A little bit of Georgia in Sussex (part 2), by Chris Foss
The British Georgian Chamber of Commerce and the Georgian National Wine Agency invited a group of Plumpton students to visit Georgia at their Easter break. At first, the trip was only conceived for eight students, but, in the end, 21 pupils attended, and I hear that they had a whale of a time. Abbie Hoskin said:
“To visit Georgia for a week really contextualised the work I did at Plumpton Marani. It’s an amazing country with fantastic food, culture, wine and history. We visited some brilliant wineries and museums and really enjoyed our time there.”
Another student, Stella Kane, said:
“I couldn’t believe how spectacular the scenery was: lush green mountains with cascading rivers. Tbilisi was so vibrant culturally: amazing museums, architecture and a fantastic traditional cuisine, authentically fusing that of surrounding cultures. The people were so kind and there was a great energy everywhere we went. The wines, of course were so interesting, how can you not be intrigued by the simplicity of qvevri wine making?”
Another student, Gina Balchin, added:
“Before the trip to Georgia, I really didn’t know what to expect. Truth be told I wasn’t even sure where it was. I was pleasantly surprised to find a lovely country with some truly unique wines and beautiful vineyards. When I think back to the trip, the first thing that springs to my mind is actually our very first wine estate visit. We were greeted by a very knowledgeable and friendly award-winning winemaker, who really set the tone for the week. She gave us our first insight into the hundreds of varieties that Georgia grow. The wine was flowing, and accompanied by lots of home-made delicacies”.
A highlight for Lindsay Holas, Plumpton’s lecturer in Wine Business was
“being greeted at Baia’s winery near Kutaisi. After discussing with our group her approach to vine growing, challenges facing producers today, our group gathered inside her family’s traditional marani to taste wines fresh from the qvevri. Of course, in traditional Georgian fashion, we were also treated to a delicious spread of local delicacies! It’s such an exciting time in for the Georgian wine industry and we had a truly unforgettable trip.”
The Georgian hospitality was outstanding, particularly the Twins Wine House in Napareuli, who not only hosted the whole group for a visit, but gave them an excellent lunch. More about them later.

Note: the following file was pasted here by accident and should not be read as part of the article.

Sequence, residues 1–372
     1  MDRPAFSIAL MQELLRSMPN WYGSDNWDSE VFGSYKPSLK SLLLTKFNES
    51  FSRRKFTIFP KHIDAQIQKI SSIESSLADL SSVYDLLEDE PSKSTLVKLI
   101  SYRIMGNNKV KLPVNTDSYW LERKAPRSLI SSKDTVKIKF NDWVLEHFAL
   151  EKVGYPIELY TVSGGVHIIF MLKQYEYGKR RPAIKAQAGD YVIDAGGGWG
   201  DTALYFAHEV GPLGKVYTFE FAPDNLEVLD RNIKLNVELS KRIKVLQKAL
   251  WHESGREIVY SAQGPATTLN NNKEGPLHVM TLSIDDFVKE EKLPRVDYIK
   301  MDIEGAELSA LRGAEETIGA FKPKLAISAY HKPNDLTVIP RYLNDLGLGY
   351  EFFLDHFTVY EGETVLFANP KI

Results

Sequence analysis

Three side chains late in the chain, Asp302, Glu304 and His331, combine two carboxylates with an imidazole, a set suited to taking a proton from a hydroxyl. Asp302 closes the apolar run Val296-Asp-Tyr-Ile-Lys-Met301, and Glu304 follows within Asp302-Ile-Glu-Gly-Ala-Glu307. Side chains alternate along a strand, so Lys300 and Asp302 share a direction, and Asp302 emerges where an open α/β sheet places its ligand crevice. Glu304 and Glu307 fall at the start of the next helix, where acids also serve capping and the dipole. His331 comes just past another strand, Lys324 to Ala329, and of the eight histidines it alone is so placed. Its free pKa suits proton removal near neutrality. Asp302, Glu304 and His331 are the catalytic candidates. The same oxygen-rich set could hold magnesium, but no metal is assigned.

Meanwhile, the wine at Plumpton marani was maturing. The qvevris were opened, and the wine was delicious! 1600 bottles were produced in all: 500 red, 200 white and 900 orange (or amber). Henry Mchedlishvili’s company, Artisan Cru, and the British Georgian Chamber of Commerce, hosted a tasting in Mayfair to launch their first wines.
In a further demonstration of goodwill, Twins Wine House in Napareuli invited a Plumpton student, Alex Tristram, to stay with them for ten days to learn the art of qvevri winemaking. Established by twin brothers Gia and Gela Gamtkitsulashvilis, this winery features a traditional Georgian hotel and restaurant and the unique Qvevri Wine Museum. When I visited it on my trip to Georgia in 2015, I marvelled at its huge model qvevri outside (eight metres high!) and the fascinating collection of artefacts and archival photos and information about Georgian grapes and winemaking. The most remarkable part of museum was three 500-litre qvevris with glass fronts, so that the visitor can watch how the special winemaking process evolves. Commercially, the Twins Wine Cellar ferments organically grown Rkatsiteli, Kakhetian Green and Saperavi grapes from their own region in 135 qvevris, most of which have a capacity of around 4 tonnes. They are actively seeking a UK distributor for their delicious wine, “Qvevri’s Mze”.
The 2017 Artisan Cru wines made at Plumpton Marani are selling really well, particularly in Georgian restaurants, and we will soon be bottling the 2018 vintage, but more about this later. This is just the start of the Plumpton/Georgian adventure: in a further article, I will be relating how the marani has been transformed into a unique Georgian wine museum, and more Plumpton students will soon be invited to enjoy another spell of delightful Georgian hospitality.